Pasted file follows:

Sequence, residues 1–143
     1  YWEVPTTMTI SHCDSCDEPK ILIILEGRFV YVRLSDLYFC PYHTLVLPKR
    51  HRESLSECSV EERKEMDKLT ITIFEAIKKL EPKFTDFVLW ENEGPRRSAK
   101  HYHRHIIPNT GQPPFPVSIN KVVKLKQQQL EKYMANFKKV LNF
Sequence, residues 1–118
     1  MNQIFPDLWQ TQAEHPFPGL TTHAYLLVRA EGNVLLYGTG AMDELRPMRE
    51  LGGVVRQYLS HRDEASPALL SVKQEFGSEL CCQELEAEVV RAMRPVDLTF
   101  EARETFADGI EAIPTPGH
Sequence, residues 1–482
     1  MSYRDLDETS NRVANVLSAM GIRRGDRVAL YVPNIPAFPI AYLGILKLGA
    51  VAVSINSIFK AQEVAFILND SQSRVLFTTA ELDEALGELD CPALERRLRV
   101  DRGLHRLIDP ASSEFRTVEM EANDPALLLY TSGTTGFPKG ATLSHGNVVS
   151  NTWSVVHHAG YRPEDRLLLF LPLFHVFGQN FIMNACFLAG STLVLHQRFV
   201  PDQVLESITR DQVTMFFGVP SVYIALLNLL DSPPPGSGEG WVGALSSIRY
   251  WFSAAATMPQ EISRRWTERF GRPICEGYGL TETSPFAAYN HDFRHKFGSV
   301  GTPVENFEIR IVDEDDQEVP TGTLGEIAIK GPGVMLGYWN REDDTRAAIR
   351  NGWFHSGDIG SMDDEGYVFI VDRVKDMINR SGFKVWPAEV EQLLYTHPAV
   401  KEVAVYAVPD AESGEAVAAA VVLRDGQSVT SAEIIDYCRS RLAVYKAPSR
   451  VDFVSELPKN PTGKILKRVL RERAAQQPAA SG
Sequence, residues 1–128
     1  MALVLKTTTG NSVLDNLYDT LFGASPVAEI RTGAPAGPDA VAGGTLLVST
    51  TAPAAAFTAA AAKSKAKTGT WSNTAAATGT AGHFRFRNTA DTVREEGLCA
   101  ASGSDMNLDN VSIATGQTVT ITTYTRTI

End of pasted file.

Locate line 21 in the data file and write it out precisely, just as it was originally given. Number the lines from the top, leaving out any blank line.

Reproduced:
     1  MALVLKTTTG NSVLDNLYDT LFGASPVAEI RTGAPAGPDA VAGGTLLVST